Japan's Softbank has boosted its investment stake in Sprint from 82% to 85% in the wake of the company's failed bid to acquire T-Mobile. Softbank CEO Masayoshi Son has spent much of the week trying to slow Sprint's stock decline in the wake of the news insisting that Sprint has more than enough money to be viable moving forward. Son also confirmed rumors that Sprint walked away from the deal because T-mobile -- eager to keep its competition momentum rolling -- wanted to retain more control of the merged company than Softbank executives were comfortable with.
“Why did we stop merger negotiations? Basically, we didn’t think we should be agreeing to a deal that would result in our loss of control,” Son said of the scuttled deal
. “There was just a line we couldn’t cross. And that’s how we arrived at the conclusion.”
Earlier this week Sprint unveiled an MVNO partnership with Altice in the hopes of lessening some of the impact on Sprint stock. Reports have also surfaced that Sprint is approaching Charter as a possible merger or acquisition partner, since Charter has made it clear it intends to seriously compete in the wireless space in 2018. But even without a Charter deal, Son indicates that Sprint's balance sheet will improve and the company is in solid enough shape to survive competitive headwinds.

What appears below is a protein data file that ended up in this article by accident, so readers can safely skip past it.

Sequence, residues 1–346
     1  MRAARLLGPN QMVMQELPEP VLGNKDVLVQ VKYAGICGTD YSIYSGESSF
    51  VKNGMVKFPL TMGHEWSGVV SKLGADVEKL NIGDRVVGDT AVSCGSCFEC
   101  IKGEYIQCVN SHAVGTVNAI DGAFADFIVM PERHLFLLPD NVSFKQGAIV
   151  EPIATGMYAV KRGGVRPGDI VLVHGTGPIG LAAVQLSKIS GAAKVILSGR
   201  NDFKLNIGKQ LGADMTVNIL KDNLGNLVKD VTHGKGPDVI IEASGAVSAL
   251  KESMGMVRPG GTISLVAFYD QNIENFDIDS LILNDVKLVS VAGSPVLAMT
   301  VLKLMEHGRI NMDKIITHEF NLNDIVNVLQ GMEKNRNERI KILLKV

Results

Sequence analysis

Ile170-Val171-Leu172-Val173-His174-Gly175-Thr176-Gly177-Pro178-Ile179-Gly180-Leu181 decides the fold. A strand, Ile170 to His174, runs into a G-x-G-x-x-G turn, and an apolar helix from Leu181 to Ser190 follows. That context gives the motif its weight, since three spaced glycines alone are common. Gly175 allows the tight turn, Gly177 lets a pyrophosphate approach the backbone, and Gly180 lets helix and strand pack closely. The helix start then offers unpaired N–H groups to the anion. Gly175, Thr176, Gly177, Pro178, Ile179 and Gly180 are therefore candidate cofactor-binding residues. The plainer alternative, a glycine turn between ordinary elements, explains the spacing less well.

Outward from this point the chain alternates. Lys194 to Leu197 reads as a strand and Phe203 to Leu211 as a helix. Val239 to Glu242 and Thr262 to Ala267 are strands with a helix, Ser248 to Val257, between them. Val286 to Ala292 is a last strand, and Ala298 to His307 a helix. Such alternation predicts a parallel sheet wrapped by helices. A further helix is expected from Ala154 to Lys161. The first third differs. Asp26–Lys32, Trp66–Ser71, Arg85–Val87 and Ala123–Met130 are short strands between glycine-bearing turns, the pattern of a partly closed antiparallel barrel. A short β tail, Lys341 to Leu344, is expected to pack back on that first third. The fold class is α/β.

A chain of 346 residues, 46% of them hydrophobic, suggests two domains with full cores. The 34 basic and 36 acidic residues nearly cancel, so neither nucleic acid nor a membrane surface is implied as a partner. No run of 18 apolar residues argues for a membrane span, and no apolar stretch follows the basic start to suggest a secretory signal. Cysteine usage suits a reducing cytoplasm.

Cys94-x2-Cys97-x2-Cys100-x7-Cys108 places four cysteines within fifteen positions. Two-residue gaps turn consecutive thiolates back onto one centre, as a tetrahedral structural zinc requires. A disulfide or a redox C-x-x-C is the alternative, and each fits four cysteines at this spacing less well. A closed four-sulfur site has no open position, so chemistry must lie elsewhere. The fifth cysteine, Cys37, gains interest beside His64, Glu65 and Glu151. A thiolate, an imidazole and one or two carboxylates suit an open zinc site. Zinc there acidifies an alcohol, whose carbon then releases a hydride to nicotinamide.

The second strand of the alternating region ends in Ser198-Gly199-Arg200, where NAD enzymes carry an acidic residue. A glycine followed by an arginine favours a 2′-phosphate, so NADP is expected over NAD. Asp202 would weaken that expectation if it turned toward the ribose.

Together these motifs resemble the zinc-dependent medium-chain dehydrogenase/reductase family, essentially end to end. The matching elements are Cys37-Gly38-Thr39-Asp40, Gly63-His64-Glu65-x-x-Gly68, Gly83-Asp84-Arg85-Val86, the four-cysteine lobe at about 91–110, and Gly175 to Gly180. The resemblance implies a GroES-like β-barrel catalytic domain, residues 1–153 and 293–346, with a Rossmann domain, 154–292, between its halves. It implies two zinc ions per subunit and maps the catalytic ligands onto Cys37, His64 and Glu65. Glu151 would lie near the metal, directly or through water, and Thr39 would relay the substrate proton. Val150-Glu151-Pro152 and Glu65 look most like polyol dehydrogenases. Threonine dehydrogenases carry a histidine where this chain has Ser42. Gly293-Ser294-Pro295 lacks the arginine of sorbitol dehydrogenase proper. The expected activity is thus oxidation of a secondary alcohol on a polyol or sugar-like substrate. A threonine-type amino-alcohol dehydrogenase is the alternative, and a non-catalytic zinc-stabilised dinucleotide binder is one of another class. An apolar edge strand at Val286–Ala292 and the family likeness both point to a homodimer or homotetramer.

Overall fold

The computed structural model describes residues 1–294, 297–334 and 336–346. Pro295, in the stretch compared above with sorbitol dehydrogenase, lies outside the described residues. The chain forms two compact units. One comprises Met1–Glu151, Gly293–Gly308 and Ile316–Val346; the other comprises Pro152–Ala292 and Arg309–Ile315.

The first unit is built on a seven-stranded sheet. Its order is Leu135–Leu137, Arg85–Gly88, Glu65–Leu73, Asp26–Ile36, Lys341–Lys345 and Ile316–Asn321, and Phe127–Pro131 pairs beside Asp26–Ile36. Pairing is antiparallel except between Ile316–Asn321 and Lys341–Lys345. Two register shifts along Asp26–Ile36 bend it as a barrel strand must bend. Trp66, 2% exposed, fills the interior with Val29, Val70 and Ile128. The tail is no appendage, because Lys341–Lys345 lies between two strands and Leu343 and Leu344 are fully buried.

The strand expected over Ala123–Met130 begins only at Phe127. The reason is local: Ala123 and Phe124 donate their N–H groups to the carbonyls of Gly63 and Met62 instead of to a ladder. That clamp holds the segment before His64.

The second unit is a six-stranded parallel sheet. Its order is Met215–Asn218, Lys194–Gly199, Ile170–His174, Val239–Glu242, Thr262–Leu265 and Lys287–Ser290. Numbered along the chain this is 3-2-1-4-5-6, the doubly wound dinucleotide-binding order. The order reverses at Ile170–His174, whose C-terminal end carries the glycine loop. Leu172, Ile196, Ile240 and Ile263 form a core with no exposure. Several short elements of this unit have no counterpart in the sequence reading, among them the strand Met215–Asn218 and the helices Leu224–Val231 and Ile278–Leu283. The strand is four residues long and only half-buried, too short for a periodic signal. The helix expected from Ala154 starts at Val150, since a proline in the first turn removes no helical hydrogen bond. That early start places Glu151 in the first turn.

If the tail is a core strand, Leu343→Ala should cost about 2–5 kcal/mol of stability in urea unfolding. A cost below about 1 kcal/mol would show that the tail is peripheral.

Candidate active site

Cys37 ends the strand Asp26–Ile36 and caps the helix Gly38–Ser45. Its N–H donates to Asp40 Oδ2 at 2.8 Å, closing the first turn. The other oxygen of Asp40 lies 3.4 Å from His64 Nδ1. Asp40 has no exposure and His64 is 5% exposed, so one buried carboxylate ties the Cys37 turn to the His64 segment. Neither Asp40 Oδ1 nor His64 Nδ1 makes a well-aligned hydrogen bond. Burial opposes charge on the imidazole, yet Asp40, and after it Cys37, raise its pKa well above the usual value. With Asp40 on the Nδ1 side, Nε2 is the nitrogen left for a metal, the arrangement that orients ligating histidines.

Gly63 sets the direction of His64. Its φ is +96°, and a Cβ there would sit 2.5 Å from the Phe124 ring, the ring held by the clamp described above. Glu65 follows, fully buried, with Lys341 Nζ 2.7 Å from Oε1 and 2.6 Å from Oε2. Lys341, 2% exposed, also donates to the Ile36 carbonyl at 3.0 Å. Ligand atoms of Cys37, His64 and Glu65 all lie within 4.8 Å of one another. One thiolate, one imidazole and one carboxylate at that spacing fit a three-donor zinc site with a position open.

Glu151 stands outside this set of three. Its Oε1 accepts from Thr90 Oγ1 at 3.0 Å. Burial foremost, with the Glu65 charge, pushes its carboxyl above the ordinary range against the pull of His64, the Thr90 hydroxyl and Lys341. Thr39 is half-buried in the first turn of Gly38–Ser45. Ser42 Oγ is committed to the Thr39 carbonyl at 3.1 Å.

“Even if the next 3-4 years will be a tough battle, 5-10 years later it will be clear that this is a strategically invaluable business,” Son said. “With that thinking, we increased our holdings of Sprint. Sprint shares may fall on this news, but that’s a chance to buy.’’
If the Altice MVNO works out, Sprint could potentially expand its relationship with the French-owned company, which now owns both Optimum and Suddenlink here in the States. Altice has repeatedly stated it's interested in offering a wireless service, but has stated it wants to focus on expanding its fixed-line presence in the States before expanding into wireless.
That said, some analysts have suggested that Sprint should take the time and effort it has spent on megamergers, and instead focusing on building and running a better, more competitive network.
“At this point, maybe Masa has to give up on strategic options and simply invest in the U.S. to make Sprint’s network and brand competitive,” said BTIG analyst Walt Piecyk in response to this week's news.